Accounting: Understanding Your Assets

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    Jul 31, 2012
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Current assets are the key assets that your business uses up during a 12-month period and will likely not be there the next year. The accounts that reflect current & long-term assets are: Cash in Checking: Any company's primary account is the checking account used for operating activities. This is the account used to deposit revenues and pay expenses. Some companies have more than one operating account in this category; for example, a company with many divisions may have an operating account for each division. Cash in Savings: This account is used for surplus cash. Any cash for which there is no immediate plan is deposited in an interest-earning savings account so that it can at least earn interest while the company decides what to do with it.

Cash on Hand: This account is used to track any cash kept at retail stores or in the office. In retail stores, cash must be kept in registers in order to provide change to customers. In the office, petty cash is often kept around for immediate cash needs that pop up from time to time. This account helps you keep track of the cash held outside a financial institution.

Accounts Receivable: If you offer your products or services to customers on store credit (meaning your store credit system), then you need this account to track the customers who buy on your dime. Accounts Receivable isn't used to track purchases made on other types of credit cards because your business gets paid directly by banks, not customers, when other credit cards are used. Inventory: This account tracks the products you have on hand to sell to your customers. The value of the assets in this account varies depending upon the way you decide to track the flow of inventory into and out of the business.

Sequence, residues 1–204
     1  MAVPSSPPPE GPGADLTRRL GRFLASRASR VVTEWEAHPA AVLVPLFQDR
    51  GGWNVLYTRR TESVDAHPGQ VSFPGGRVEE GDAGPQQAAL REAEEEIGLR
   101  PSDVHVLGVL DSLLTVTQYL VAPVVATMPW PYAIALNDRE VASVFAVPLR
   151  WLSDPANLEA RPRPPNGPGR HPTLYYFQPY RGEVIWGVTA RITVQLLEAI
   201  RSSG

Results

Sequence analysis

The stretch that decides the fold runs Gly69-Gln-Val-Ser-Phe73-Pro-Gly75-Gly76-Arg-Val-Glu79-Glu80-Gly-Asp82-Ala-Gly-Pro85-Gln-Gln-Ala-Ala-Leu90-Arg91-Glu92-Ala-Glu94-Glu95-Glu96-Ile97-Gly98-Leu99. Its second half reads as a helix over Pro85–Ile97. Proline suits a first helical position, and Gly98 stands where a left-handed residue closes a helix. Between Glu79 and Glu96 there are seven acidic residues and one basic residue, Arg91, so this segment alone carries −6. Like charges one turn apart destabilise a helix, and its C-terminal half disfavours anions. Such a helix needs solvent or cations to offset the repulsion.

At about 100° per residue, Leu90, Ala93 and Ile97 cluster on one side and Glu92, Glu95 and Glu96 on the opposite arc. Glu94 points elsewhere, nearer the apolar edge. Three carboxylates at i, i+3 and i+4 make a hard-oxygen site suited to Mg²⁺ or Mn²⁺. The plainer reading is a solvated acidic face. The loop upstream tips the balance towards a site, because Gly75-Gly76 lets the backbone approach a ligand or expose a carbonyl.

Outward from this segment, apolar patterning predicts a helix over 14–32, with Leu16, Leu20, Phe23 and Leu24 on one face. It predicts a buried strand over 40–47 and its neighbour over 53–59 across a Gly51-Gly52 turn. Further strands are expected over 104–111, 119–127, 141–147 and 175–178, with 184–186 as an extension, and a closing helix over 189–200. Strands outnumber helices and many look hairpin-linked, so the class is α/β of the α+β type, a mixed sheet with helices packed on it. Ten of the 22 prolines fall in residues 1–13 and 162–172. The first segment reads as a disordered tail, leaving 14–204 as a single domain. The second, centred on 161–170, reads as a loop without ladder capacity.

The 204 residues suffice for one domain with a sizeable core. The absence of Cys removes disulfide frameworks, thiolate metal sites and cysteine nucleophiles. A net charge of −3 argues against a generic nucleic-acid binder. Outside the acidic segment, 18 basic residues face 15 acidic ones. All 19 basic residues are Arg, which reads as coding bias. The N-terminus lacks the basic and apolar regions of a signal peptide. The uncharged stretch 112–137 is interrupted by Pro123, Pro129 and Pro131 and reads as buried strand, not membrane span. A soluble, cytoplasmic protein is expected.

Vehicles: This account tracks any cars, trucks, or other vehicles owned by the business. The initial value of any vehicle is listed in this account based on the total cost paid to put the vehicle in service. Sometimes this value is more than the purchase price if additions were needed to make the vehicle usable for the particular type of business. For example, if a business provides transportation for the handicapped and must add additional equipment to a vehicle in order to serve the needs of its customers, that additional equipment is added to the value of the vehicle. Vehicles also depreciate through their useful lifespan. Accumulated Depreciation Vehicles: This account tracks the depreciation of all vehicles owned by the company.

Furniture and Fixtures: This account tracks any furniture or fixtures purchased for use in the business. The account includes the value of all chairs, desks, store fixtures, and shelving needed to operate the business. The value of the furniture and fixtures in this account is based on the cost of purchasing these items. These items are depreciated during their useful lifespan. Accumulated Depreciation Furniture and Fixtures: This account tracks the accumulated depreciation of all furniture and fixtures. Equipment: This account tracks equipment that was purchased for use for more than one year, such as computers, copiers, tools, and cash registers. The value of the equipment is based on the cost to purchase these items. Equipment is also depreciated to show that over time it gets used up and must be replaced.

Accumulated Depreciation Equipment: This account tracks the accumulated depreciation of all the equipment.

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